Pink Sheet is part of Informa PLC

This site is operated by a business or businesses owned by Informa PLC and all copyright resides with them. Informa PLC’s registered office is 5 Howick Place, London SW1P 1WG. Registered in England and Wales. Number 8860726.

This copy is for your personal, non-commercial use. For high-quality copies or electronic reprints for distribution to colleagues or customers, please call +44 (0) 20 3377 3183

Printed By

UsernamePublicRestriction
UsernamePublicRestriction

RESALE PRICE MAINTENANCE COULD BE "BENEFICIAL" IN TWO CIRCUMSTANCES -- FTC REPORT

Executive Summary

An FTC policy allowing resale price maintenance could be beneficial in at least two specific circumstances, according to a report released Oct. 11 which evaluates a series of the Commission's vertical price restraint cases. According to the report, prepared by outside consultants working with FTC staff, "The evaluations of the resale price maintenance (RPM) cases would appear to be consistent with the following conclusions: (1) an approach that allows RPM by a new entrant is very likely to be socially beneficial; and (2) a provision in RPM remedial orders that allows dealer selection on the basis of quality is also likely to be beneficial." The report declares that "the evaluation cast doubt on the desirability of retaining the current rule on RPM -- a per se ban with no exception." The evaluation project, begun in 1978, included an examination of RPM cases from five industries; clothing, shoes, audio components, hearing aides and industrial gases, with the intention that the findings could apply outside those industries. RPM is a form of vertical restraint. Noting the review did not reveal an ideal method of handling vertical restraint cases, the report stated: "As a group, these evaluations seem to us to be better at demonstrating the potentially significant shortcomings of the enforcement policies that have been proposed than at providing guidance is deciding which of the various per se or rule of reason options is the optimal policy." In the per se approach, RPM would be considered illegal regardless of potential economic benefits. Under the "rule of reason," an economic analysis would determine whether, on balance, the effects are pro- or anti-competitive.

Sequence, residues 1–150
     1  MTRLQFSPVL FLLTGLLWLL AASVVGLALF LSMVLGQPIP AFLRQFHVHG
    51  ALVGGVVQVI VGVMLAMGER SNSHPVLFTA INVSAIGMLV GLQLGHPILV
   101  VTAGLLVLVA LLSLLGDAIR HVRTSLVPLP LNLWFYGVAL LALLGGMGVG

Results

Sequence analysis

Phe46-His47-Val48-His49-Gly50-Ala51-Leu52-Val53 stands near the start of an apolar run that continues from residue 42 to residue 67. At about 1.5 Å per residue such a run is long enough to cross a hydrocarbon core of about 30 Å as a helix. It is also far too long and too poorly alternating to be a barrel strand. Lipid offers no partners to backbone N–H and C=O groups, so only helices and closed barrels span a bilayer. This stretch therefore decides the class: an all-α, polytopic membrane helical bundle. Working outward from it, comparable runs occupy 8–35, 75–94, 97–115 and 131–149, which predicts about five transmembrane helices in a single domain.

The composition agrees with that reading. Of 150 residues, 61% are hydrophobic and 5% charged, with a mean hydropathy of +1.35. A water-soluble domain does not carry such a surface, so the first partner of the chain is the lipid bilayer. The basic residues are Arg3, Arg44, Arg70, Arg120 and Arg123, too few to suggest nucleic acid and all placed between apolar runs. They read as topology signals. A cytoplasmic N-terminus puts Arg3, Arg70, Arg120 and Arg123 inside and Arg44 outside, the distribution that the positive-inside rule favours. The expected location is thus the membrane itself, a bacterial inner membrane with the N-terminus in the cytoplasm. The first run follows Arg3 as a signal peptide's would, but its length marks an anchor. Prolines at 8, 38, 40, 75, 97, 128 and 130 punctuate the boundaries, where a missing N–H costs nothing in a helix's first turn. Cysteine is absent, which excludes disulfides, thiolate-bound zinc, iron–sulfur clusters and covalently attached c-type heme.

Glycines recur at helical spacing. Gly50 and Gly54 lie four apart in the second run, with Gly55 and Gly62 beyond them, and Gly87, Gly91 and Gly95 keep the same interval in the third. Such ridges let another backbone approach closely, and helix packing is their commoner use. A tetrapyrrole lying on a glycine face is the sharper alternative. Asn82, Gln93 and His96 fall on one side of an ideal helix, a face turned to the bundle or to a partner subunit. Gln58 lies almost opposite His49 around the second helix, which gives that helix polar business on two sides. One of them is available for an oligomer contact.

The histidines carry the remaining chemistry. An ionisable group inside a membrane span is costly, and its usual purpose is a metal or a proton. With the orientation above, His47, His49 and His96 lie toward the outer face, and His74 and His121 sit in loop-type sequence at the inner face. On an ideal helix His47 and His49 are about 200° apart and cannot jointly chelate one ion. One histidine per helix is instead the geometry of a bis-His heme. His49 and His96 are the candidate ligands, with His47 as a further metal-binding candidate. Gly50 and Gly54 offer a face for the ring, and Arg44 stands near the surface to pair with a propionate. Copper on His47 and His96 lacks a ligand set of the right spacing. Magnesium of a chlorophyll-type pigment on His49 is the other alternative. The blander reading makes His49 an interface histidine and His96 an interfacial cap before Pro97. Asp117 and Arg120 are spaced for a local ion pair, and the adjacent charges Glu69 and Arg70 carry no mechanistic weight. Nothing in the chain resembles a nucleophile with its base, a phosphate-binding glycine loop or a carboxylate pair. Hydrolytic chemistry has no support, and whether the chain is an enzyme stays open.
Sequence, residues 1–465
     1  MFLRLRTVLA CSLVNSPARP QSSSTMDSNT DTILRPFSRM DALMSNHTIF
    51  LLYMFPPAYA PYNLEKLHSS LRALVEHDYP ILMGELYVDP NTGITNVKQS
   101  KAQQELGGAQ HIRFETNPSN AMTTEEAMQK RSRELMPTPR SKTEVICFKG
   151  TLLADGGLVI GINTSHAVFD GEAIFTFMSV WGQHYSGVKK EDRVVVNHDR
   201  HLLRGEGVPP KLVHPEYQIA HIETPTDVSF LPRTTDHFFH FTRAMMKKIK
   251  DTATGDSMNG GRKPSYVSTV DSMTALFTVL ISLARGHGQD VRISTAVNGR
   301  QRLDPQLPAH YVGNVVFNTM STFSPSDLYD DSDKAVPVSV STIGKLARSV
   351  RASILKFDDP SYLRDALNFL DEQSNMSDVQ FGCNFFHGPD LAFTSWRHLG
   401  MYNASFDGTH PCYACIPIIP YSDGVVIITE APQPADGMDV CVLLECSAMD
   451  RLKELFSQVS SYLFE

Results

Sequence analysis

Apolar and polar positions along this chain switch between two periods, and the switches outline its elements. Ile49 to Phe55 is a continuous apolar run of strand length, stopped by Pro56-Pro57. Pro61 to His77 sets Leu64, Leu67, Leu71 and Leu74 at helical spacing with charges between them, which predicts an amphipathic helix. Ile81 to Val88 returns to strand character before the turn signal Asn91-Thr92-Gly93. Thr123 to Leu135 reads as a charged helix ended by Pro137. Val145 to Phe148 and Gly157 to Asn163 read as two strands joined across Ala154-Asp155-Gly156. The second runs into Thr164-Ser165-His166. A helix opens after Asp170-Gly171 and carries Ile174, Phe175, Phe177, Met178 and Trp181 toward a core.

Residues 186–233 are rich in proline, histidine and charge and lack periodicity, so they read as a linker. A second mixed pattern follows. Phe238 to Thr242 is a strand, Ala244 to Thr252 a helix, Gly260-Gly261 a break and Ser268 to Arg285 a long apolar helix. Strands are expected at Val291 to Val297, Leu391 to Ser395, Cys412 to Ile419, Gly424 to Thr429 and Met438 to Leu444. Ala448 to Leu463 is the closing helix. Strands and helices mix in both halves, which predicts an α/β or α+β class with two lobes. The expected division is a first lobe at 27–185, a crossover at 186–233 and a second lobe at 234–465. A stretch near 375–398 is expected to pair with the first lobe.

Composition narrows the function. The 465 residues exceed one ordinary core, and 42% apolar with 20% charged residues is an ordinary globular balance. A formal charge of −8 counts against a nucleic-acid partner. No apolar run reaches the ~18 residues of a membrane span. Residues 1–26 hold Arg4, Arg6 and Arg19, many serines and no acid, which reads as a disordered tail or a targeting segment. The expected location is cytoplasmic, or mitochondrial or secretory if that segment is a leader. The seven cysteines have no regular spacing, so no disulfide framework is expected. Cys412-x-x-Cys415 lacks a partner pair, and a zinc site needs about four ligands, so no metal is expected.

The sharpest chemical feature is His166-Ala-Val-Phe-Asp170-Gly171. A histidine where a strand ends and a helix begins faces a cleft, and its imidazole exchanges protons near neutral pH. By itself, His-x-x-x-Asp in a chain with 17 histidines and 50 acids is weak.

You may also be interested in...



Part D Discount Liability Coming Into Focus: CMS Releases Drug Cost Data

Newly released Medicare Part D data sheds light on the sales hit that branded pharmaceutical manufacturers will face when the coverage gap discount program gets under way in 2011

FDA Skin Infections Guidance Spurs Debate On Endpoint Relevance

FDA appears headed for a showdown with clinicians and the pharmaceutical industry over the proposed new clinical trial endpoints for acute bacterial skin and skin structure infections, the guidance's approach for justifying a non-inferiority margin and proposed changes in the types of patients that should be enrolled in trials

Shire Hopes To Sow Future Deals With $50M Venture Fund

Specialty drug maker Shire has quietly begun scouting deals with a brand-new $50 million venture fund, the latest of several in-house investment arms to launch with their parent company's pipelines, not profits, as the measure of their worth

UsernamePublicRestriction

Register

PS051363

Ask The Analyst

Ask the Analyst is free for subscribers.  Submit your question and one of our analysts will be in touch.

Your question has been successfully sent to the email address below and we will get back as soon as possible. my@email.address.

All fields are required.

Please make sure all fields are completed.

Please make sure you have filled out all fields

Please make sure you have filled out all fields

Please enter a valid e-mail address

Please enter a valid Phone Number

Ask your question to our analysts

Cancel